Reply to this comment
          • joe April 6, 23:06

            The wave length of the EM{P pulse is so short that even a half inch of wire would be an effective antenna to collect it, The diodes in GM alternators are low voltage, less than 50 volts, the other brands may be good for 3 to 400 volts, none will withstand the thousands of volts of an EMP pulse. Also if the failure is a dead short and not an open, it will cause the fusable link to blow, or if not burn up the wiring and kill the battery.

            Reply to this comment
            • joe April 6, 23:08

              Additional note: even some cars with a generator, not an alternator has a solid state voltage regulator, The pure relay types will probably survive, but not the solid state ones.

              Reply to this comment
        • retiredtrooper April 7, 02:04

          a starter and alternator…perhaps even a voltage regulator….should all be part of a EMP proofed package. I’m not putting my ability to get as far as I can and as fast as I can…at risk….I might suggest, just in case…a battery too!!

          Reply to this comment
      • TSgt B April 5, 16:03

        Car have had “electrical components” since they were invented. It is the TYPE of electrical components that you must consider. Old ignition systems that happen cap, rotor, points, coil and condenser will be pretty much impervious to EMP. I would recommend having spares coils and condenser, just to be safe. However, car that have these have so much steel surrounding these components that they are relatively well-protected.

        Newer vehicles with “solid state” ignition and other systems won’t fare so well, and must be protected. Since these “solid state” components operate at or below 4.8 volts DC and at very low amperage, they are extremely vulnerable to EMP attack. With virtually every function of every system on modern vehicles being controlled by microelectronics (computers, so to speak), even minor exposure to EMP can, and most likely WILL, be catastrophic. Unless you can afford to have spares of the ECM (electronic control module, or “computer”) you’re pretty much screwed.

        Just in case your curious, I’m a retired Air Force avionics Master Technician, and Master Instructor, having taught electronics for over 6 years. Radar was my “forte”, much to the chagrin of the Ohio State Patrol. I’ve defeated them TWICE in court regarding radar speeding tickets.

        Reply to this comment
        • The Ohio Prepper April 6, 05:45

          TSgt B,

          However, car that have these have so much steel surrounding these components that they are relatively well-protected.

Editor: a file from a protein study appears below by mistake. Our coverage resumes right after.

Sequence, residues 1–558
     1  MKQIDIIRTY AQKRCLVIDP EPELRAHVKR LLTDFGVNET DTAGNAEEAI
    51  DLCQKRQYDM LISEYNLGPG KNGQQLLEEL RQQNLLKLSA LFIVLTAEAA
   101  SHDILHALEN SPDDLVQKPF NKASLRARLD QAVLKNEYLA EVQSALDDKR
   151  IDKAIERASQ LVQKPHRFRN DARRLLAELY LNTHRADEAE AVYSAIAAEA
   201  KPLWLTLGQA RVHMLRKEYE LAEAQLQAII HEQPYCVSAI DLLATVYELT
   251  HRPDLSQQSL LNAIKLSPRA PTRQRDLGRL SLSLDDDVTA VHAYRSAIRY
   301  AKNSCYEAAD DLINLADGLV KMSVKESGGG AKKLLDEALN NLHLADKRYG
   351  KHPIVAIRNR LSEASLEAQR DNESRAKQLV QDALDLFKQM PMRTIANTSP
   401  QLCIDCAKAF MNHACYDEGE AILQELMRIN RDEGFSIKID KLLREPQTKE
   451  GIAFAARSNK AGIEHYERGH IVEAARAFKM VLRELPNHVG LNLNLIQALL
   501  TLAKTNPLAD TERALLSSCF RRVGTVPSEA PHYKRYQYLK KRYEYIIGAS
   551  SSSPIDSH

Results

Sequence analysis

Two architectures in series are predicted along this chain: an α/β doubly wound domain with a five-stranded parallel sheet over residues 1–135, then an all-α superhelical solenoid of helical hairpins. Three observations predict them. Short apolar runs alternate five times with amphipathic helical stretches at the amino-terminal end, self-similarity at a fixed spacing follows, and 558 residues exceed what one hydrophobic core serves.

Actually our new 2018 Honda CRV still has a ton of steel surrounding those same components, and the Can & LIN buses that run things have transient suppression built in, so most modern vehicles will still run quite well, with the possible exception of the radio, navigation and backup cameras. It still doesn’t hurt to protect any vehicle if you can.

          Newer vehicles with “solid state” ignition and other systems won’t fare so well, and must be protected. Since these “solid state” components operate at or below 4.8 volts DC and at very low amperage, they are extremely vulnerable to EMP attack. With virtually every function of every system on modern vehicles being controlled by microelectronics (computers, so to speak), even minor exposure to EMP can, and most likely WILL, be catastrophic. Unless you can afford to have spares of the ECM (electronic control module, or “computer”) you’re pretty much screwed.

          The operating voltage has little to do with the vulnerability of the components, since most of these have TVS (Transient Voltage Suppression) built in on the inputs and the modules are generally required to pass spark compliance ESD (Electro Static Discharge) tests. Common test levels are 4kV contact, 8kV air, but these values could be higher or lower depending on the standard you are using, with automotive being rather high with the high voltages on the plug wires and plugs.

          Just in case your curious, I’m a retired Air Force avionics Master Technician, and Master Instructor, having taught electronics for over 6 years. Radar was my “forte”, much to the chagrin of the Ohio State Patrol. I’ve defeated them TWICE in court regarding radar speeding tickets.

          I’m a retired engineer and have two EE degrees and 40+ years real world experience in various fields. While we don’t design specifically for EMP, the spark you can generate walking across the floor and touching a device can be large (20-25,000 volts) and will easily damage or at least reset improperly designed devices. When you walk across the floor and pick up that cell phone or touch the TV, with a ”Snap!!!” and nothing happens to the phone or TV then the transient protection we carefully design in and test for is working.
          As for having fun with the OSP, I find that funny, since most of those folks are only appliance operators, and a real FCC licensed technician is responsible for keeping their toys calibrated.
          As a licensed Amateur Radio operator I’ve played with Gunnplexers running in the ham band in the 2300-2450 MHz range, simply broadcasting a CW ID. These can also drive radar crazy; but, more often than not, drive those with radar detectors equally crazy. From above and behind a line of traffic triggering the device (legal for me) you can see brake lights off to the horizon, even when most are oveying the speed limit.